Badges

bdg50. ‘Disinvest: Break the South African Connection’

This badge reproduced the cover design from the Penguin Books edition of ‘The South African Connection’, published in 1973. The book contested the argument that the growth of manufacturing industry in South Africa would bring about the end of apartheid and set out the case for disinvestment. 

bdg51. ‘Defend Socialism at Birth’

Mozambique, Angola and Guinea-Bissau won their independence from Portugal in 1975 after a protracted guerrilla war. This badge was produced by the Mozambique Angola and Guine Information Centre (MAGIC), set up as the Mozambique and Guine Information Centre in August 1975. MAGIC published a bi-monthly magazine about developments in the former Portuguese colonies and recruited volunteers to work in Mozambique.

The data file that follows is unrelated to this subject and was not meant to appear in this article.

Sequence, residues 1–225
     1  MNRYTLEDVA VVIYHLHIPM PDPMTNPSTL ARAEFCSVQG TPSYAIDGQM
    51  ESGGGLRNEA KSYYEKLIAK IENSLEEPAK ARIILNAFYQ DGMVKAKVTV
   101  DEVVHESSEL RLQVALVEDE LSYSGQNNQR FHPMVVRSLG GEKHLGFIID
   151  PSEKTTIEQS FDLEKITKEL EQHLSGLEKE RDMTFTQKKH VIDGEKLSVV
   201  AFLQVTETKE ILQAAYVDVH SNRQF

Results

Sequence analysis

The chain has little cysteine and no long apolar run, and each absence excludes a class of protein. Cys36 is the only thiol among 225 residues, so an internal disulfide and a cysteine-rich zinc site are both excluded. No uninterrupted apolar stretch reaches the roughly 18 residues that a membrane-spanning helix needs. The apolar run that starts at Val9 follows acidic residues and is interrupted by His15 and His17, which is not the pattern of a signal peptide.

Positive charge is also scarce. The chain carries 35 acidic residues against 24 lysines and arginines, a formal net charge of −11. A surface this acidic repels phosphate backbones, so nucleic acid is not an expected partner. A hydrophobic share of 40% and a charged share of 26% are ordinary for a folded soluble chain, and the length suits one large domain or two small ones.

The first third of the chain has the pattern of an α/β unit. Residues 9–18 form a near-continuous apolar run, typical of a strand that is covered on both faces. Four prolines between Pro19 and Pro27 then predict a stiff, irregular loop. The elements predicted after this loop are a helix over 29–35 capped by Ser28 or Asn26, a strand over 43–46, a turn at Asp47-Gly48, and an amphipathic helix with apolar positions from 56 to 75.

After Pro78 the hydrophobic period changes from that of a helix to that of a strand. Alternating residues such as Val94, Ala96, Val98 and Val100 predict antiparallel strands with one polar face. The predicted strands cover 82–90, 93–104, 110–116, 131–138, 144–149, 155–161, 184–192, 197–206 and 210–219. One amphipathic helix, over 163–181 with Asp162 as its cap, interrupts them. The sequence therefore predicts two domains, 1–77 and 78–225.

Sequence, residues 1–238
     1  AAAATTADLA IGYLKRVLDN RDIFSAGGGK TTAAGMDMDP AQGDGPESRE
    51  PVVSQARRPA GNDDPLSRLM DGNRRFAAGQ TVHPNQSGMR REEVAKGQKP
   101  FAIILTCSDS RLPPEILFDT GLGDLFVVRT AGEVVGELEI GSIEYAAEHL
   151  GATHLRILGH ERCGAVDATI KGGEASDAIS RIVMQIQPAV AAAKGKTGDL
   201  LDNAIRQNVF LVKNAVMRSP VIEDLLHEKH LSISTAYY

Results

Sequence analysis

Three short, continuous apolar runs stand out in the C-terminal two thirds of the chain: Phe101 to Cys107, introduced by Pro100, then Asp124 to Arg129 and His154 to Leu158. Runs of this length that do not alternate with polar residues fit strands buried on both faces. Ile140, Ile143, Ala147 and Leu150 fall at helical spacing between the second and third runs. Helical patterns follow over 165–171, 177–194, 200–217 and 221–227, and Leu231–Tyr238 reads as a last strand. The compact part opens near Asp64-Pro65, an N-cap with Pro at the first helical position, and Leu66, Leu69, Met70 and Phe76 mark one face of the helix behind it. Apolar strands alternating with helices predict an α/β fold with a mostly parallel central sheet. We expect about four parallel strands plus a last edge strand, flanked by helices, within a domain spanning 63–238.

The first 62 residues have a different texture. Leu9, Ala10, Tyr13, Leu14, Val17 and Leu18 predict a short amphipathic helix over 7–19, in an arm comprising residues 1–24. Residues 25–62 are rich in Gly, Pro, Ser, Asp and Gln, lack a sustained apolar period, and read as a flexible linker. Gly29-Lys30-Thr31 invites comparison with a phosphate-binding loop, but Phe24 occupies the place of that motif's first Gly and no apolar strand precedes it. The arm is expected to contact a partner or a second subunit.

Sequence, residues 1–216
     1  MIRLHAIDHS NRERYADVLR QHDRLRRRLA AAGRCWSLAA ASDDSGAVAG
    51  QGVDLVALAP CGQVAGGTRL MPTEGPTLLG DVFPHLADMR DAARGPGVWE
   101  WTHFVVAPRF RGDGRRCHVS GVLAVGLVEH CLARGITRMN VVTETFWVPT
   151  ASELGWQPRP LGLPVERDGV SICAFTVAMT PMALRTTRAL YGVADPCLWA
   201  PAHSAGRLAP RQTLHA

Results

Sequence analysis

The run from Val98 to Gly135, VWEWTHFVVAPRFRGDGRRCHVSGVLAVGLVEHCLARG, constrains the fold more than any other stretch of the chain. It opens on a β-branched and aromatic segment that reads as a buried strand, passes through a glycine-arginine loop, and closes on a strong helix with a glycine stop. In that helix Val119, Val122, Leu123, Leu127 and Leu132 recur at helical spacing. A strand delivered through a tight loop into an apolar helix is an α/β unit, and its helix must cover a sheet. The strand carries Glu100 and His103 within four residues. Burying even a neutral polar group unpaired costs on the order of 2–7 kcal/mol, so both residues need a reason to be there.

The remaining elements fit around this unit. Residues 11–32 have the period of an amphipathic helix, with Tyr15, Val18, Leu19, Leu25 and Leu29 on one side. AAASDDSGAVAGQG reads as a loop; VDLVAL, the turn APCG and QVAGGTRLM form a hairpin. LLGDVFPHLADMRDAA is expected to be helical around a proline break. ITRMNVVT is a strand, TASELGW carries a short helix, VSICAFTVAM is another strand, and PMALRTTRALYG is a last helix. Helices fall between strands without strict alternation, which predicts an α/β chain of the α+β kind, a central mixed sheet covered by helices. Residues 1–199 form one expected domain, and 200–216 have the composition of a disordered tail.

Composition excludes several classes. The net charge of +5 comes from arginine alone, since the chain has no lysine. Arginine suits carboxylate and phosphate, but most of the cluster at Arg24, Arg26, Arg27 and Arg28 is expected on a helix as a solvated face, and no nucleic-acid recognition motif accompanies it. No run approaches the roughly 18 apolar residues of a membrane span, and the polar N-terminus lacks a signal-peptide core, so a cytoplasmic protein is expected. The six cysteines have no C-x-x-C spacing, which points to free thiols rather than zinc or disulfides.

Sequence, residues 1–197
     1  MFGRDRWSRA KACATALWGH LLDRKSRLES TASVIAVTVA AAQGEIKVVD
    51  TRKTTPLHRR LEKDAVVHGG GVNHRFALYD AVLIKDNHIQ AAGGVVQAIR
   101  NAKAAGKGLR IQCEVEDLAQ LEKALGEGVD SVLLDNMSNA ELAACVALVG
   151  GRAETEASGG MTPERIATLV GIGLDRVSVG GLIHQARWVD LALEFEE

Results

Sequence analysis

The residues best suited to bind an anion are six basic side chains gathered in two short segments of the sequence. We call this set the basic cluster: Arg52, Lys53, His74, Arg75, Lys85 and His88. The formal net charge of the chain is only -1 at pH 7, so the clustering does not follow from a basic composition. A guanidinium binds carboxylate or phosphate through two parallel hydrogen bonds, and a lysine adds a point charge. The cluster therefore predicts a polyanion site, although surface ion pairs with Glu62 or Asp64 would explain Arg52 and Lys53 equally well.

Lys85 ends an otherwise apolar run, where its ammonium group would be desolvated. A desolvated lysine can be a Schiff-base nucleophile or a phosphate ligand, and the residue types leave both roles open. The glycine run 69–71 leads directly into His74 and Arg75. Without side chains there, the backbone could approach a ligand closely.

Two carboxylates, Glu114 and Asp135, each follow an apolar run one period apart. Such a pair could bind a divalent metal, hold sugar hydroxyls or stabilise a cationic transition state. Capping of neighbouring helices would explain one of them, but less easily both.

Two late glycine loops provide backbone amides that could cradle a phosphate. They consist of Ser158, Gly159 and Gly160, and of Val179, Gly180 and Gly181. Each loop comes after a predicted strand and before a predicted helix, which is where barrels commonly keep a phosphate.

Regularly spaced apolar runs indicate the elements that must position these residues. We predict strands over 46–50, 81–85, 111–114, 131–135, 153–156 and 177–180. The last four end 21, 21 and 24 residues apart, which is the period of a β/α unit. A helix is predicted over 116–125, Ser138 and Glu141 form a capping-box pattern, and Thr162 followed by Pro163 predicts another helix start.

bdg49. ‘No Tory Sell-Out in Zimbabwe’

Badge produced in the run-up to the Lancaster House talks on the future of Zimbabwe in the summer of 1979. The AAM campaigned to stop the Conservative government elected in May 1979 from recognising the Muzorewa government in Zimbabwe and against any agreement that would not lead to majority rule. In June 1979 it joined with other groups to set up the Zimbabwe Emergency Campaign Committee.

bdg23. Free Nelson Mandela

Badge produced for the AAM campaign for the release of Nelson Mandela in response to a petition launched by the Sunday Post in South Africa in 1980. The AAM distributed thousands of badges, leaflets and stickers calling for Mandela’s release. A ‘Free Mandela’ declaration was endorsed by British MPs, trade unions, playwrights, musicians and academics.

bdg04. AAM women’s badge

The AAM Women’s Committee produced this badge soon after its formation in the summer of 1980. 

bdg21. Support the Wilson-Rowntree Strike

In February 1981, workers at Wilson-Rowntree’s East London factory were sacked for striking in protest at the dismissal of three colleagues. Wilson-Rowntree was a subsidiary of the British company Rowntree-Mackintosh. The AAM campaigned with the British unions GMWU, USDAW and TGWU  to make the company reinstate the sacked workers and recognise the South African Allied Workers Union.